Höller: The development of human-computer interaction seems to be characterized by the dominance of the graphic user interface. Does that alleged primacy of visuality and optics belie the fact that other, maybe equally important bodily or material processes are involved in that kind of interfacing?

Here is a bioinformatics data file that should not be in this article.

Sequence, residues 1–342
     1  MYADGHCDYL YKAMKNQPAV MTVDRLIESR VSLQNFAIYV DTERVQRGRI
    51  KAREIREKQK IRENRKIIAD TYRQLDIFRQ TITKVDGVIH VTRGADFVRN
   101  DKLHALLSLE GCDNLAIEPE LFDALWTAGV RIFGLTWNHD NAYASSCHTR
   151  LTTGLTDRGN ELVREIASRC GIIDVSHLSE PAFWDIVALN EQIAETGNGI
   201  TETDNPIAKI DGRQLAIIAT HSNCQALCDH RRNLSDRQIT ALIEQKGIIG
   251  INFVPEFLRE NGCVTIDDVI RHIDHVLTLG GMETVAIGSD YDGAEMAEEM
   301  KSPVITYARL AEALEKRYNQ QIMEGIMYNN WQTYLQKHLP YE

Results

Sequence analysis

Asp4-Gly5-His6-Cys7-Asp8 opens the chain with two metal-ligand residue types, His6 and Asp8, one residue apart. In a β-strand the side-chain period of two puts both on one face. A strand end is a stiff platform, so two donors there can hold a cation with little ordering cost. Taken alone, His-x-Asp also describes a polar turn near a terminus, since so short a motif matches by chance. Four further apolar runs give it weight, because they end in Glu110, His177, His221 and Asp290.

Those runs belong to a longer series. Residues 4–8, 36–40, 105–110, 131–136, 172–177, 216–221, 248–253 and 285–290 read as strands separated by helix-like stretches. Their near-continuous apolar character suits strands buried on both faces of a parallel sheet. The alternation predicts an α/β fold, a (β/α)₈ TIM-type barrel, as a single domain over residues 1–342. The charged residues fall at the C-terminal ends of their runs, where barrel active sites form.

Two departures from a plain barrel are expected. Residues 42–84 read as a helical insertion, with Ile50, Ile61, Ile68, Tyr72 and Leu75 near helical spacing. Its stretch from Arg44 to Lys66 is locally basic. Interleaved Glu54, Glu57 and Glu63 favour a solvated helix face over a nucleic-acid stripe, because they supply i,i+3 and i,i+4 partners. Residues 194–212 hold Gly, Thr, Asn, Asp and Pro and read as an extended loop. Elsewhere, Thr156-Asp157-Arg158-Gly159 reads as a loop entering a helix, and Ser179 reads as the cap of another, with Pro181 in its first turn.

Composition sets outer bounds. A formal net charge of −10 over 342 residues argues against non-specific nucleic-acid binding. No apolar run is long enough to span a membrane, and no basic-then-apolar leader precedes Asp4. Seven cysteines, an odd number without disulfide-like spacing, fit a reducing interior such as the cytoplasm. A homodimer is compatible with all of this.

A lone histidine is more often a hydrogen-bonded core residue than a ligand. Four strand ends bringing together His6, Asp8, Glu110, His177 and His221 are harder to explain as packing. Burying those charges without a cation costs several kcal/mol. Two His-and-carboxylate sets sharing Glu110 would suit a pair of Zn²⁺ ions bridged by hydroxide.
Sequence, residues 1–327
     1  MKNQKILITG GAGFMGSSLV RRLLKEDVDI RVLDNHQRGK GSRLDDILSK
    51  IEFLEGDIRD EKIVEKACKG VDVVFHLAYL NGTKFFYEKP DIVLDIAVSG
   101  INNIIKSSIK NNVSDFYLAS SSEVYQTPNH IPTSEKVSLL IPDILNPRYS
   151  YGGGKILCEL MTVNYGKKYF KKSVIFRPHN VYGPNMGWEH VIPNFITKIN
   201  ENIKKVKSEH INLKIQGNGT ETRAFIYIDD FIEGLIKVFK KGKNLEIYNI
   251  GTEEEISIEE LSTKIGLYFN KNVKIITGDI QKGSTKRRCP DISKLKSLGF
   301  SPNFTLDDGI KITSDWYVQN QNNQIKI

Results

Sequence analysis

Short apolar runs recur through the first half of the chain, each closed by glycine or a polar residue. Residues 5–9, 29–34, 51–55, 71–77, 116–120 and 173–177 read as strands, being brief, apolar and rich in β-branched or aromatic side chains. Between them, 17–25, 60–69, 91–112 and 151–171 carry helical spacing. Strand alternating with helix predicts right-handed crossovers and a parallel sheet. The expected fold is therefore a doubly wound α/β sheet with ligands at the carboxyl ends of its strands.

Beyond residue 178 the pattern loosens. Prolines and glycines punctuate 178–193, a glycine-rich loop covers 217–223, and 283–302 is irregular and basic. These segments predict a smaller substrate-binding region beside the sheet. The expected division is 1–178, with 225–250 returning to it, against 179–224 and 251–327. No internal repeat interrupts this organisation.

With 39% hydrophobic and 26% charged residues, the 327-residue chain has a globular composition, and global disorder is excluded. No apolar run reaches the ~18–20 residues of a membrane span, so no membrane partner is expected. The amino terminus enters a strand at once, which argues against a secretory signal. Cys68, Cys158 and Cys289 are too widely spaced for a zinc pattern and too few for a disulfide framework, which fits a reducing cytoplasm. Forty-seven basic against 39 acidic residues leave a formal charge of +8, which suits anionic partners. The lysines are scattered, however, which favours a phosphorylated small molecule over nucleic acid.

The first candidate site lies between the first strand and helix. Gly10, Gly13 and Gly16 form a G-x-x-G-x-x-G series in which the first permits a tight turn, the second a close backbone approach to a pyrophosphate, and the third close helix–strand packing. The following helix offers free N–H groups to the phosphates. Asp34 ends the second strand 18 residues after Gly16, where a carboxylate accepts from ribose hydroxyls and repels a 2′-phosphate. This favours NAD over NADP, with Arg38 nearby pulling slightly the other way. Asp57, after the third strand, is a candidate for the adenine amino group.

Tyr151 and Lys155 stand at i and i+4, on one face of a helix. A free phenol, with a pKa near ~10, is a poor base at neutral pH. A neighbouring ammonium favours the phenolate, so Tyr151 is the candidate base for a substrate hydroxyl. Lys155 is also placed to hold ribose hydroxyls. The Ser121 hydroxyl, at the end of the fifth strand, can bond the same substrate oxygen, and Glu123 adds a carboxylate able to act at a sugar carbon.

Parisi: The graphical user interface (GUI) provided a useful means of mapping computational space, one that made the abstract world of the computer more readily accessible to the human sensorium. This mode of interfacing imposed a set of conventional orderings (or biases) onto the nascent technology imported from prior media forms. But even the earliest GUIs implicated the body—and the hand in particular—in the image. Ivan Sutherland’s Sketchpad and Douglas Engelbart’s computer mouse, for example, each made the body’s movements legible to the computer through a process motion capture and coding. These input technologies are underpinned by a set of ergonomic considerations, and corresponding norms of bodily comportment, as users attempt to adjust themselves to the materiality of the interface. So as much as the GUI might seem to be a relationship of pure opticality, it is accompanied by a shifting set of bodily techniques for apprehending and manipulating the image—an ‘ergonomic unconscious’ that pushes human bodies into all sorts of odd contortions, all aimed at comfortably and efficiently interacting with the GUI. Watching people distractedly walk down the street as they attempt to read the small screens held in their palms, or shift about to find the most comfortable position for reading their laptops—each of these bodily habits are attempts to accommodate screens to bodies and bodies to screens, and each are elided by the framing of computer as dominated by the relationship between eyes and screens.